I love the Necron Ark kit, one of GW’s first multi-option kits. That is, until I started building my first Ark, this kit lives up to it’s reputation as one of GW’s trickiest kits.

Ghost Ark

Please specify a Flickr ID for this gallery

The Ghost Ark forms the core of a Necron warrior phalanx, providing transport, firepower and even the ability to re-animate fallen warriors. Getting the Ghost Ark into a premium firing position can be tricky as the vehicle’ weapons can only broadside so you risk exposing rear armour to the enemy, but as the Ghost Ark is open-topped it also allows a full unit of warriors (or Crypteks *cheese*) to fire from the platform. The pay-off is if you can position the Ark between multiple enemy units the volume of fire can be withering; in my last game it took out a full SW blood claw and long fang unit in a single turn, not a bad damage output.

Doomsday Ark

Please specify a Flickr ID for this gallery

The Doomsday Ark is the heavy weapon variant of the kit, mounting the rather frightening Doomsday cannon; 72″ range, S9, AP1, large blast. Not much can withstand that level of punishment. Unfortunately that statline is only relevant if the Ark remained stationary, if it moved it’s reduced down to 24″, S7, AP4 standard blast; not as devastating, but still no slouch if you need to reposition the Ark for a better tactical position.

I’ve yet to use the Doomsday Ark in a competitive match-up, but I’m looking forward to seeing it make it’s first kills.


Starting with scenery

As my Wordbearer host is starting to grow I decided it was time to build some scenery for them to fight over. Building scenery is something I’ve never really tried to do so I’ve attempted a few different projects to figure out what works, but mostly found what doesn’t.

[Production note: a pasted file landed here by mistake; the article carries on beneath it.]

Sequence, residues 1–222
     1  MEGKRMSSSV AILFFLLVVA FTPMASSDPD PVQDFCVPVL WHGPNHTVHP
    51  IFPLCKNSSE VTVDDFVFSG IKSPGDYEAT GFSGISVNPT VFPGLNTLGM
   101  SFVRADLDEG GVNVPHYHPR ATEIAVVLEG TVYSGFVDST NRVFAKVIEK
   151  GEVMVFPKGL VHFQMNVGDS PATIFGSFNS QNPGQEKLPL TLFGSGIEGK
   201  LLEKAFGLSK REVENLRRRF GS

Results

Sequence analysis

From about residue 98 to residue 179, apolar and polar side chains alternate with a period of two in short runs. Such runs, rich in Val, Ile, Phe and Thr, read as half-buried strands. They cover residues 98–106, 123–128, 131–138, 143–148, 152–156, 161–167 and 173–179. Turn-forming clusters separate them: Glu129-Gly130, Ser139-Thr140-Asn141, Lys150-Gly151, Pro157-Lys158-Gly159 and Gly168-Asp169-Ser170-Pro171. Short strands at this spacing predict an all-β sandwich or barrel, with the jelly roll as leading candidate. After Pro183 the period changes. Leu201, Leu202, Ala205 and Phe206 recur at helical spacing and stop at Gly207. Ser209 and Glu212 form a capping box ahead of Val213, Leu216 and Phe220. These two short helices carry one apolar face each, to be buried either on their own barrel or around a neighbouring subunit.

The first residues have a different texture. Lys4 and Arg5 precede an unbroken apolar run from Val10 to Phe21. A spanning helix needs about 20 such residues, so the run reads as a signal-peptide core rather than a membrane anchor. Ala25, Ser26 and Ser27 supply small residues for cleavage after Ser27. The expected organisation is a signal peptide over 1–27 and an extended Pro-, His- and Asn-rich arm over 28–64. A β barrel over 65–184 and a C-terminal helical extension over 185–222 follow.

Progress so far:

Noone wants to fight over a flat, desolate landscape, I thought hills would be a good place to start. First attempt was to shape a block of polystyrene, base and paint. End result, it’s not exactly hill shaped (and still not fully painted:

Polystyrene hill - attempt no 1
Polystyrene hill – attempt no 1

Second attempt at hill making took my back to my childhood: Screwed up balls of newspaper provided the base, with layers of papier mache providing the finish. This is still a WIP, and not ideal but I do think it shows more promise thank the polystyrene variant, and with cheaper materials to boot.

Papier mache hill - WIP
Papier mache hill – WIP

As I already had my polystyrene blocks and papier mache out, I tried my hand at some basic fortifications, essentially looking for some small, bulk and cheap scenery to change the battle field between each skirmish. Basically chopped the polystyrene into strips, and papeir mached for a foundation. I still need to paint these up (black spray, grey/white drybrush) but they should definitely do the job for cheap and plentiful scenery until I can flesh my collection out with more advanced pieces.